Parenthood Review: "Just Go Home"
The television gods have finally answered my prayers: John Corbett is back... and may have coined the term "fancy-pants sushi-douche bags."
But what is with the creepy mustache? As Seth, Drew and Amber's father, Corbett attempted to reconnect with his children on "Just Go Home." But Sarah found out and anger ensued. While Amber, Drew, and Sarah had a 10-minute fight over whether or not the kids should see their dad, it occurred to me that Sarah's predisposition to overreacting may be a dominant gene in that family.
Angry that she was excluded from news of his return, Sarah decides to visit Seth. He begins crying and tells her he screwed up and ruined everything. Sarah decides to let the kids attend one of Seth's shows. While there, Seth plays a beautiful love song he wrote with Sarah and it gives the kids some indication of the love that once existed between their parents.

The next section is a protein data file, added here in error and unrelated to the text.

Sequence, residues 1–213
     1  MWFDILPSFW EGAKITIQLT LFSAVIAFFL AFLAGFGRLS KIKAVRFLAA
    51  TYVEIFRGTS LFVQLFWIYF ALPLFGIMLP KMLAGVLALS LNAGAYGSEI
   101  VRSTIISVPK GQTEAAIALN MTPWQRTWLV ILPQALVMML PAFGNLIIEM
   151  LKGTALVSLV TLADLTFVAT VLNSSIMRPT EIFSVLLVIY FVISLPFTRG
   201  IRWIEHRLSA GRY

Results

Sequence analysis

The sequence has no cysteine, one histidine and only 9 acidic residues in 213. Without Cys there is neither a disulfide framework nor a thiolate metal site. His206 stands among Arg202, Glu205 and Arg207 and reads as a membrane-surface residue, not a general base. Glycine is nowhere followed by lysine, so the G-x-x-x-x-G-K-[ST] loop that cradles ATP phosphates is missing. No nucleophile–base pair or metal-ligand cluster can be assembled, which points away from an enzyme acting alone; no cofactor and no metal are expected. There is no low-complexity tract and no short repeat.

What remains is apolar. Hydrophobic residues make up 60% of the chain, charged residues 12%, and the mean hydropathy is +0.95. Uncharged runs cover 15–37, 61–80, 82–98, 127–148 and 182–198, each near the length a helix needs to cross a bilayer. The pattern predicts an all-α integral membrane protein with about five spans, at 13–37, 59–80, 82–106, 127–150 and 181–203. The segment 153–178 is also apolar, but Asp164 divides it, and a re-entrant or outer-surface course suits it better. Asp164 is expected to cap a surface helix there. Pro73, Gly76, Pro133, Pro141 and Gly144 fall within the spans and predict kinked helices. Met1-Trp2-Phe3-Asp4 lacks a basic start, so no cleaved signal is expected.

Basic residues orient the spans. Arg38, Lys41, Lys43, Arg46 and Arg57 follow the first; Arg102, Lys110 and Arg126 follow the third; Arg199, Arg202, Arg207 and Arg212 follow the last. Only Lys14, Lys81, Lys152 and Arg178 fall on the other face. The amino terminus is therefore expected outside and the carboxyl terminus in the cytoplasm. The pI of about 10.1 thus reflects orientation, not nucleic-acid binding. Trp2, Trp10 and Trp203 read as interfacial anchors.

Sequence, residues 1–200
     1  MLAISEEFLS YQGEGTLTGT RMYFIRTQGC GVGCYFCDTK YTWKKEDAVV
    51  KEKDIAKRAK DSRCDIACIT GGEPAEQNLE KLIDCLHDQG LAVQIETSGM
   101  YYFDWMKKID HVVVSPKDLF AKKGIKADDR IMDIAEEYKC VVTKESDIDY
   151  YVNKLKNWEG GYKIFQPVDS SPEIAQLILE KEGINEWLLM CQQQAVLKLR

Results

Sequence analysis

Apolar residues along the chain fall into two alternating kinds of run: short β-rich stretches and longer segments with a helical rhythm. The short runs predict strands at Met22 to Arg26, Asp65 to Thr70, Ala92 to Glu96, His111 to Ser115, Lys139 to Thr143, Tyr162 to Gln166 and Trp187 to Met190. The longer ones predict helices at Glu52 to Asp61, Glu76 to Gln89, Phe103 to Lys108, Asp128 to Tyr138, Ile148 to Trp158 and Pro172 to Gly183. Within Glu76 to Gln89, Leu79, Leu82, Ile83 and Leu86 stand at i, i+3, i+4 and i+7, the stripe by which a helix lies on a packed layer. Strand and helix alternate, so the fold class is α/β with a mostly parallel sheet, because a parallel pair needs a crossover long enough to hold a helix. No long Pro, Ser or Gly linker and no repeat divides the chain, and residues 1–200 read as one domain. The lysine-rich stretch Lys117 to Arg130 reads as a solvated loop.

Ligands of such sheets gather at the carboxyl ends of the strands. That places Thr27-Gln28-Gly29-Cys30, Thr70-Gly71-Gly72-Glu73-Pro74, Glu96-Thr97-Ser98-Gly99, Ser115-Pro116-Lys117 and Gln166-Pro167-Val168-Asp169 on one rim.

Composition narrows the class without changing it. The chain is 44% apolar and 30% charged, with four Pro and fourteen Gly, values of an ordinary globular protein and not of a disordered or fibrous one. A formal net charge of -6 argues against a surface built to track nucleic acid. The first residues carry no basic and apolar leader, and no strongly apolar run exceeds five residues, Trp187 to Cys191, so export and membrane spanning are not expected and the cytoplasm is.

Meanwhile, things are not as sunny as they once were at Jasmine and Crosby's house. Crosby is clearly feeling like a third wheel in his own home, as Jasmine and her mother take over plans for the wedding. Anyone can see Crosby is upset and on the verge of leaving, which he finally does after a vicious fight.
I was glad to see Crosby walk out. I don't like responsible Crosby. He is constantly pigeonholed as the irresponsible drifter, but has done nothing in the past season and a half to warrant that label. He's a wonderful father, a great boyfriend, and an all-around good guy. Maybe he needs to storm out, get drunk, and do something crazy. You know what they say about self-fulfilling prophecies.
Tearjerker Moment of the Week: This week wasn't very sappy. The only tearing up I did came from the smell of my husband cutting onions in the kitchen, 10 feet from where I was enjoying the show. But if I had to pick the most emotional moment, I would go with Seth's song to Sarah. It was romantic and endearing, and let's face it: women eat up that "drifter with an acoustic guitar" crap. I know I do.
Teardrop Scale: It's a low one, folks: two tears.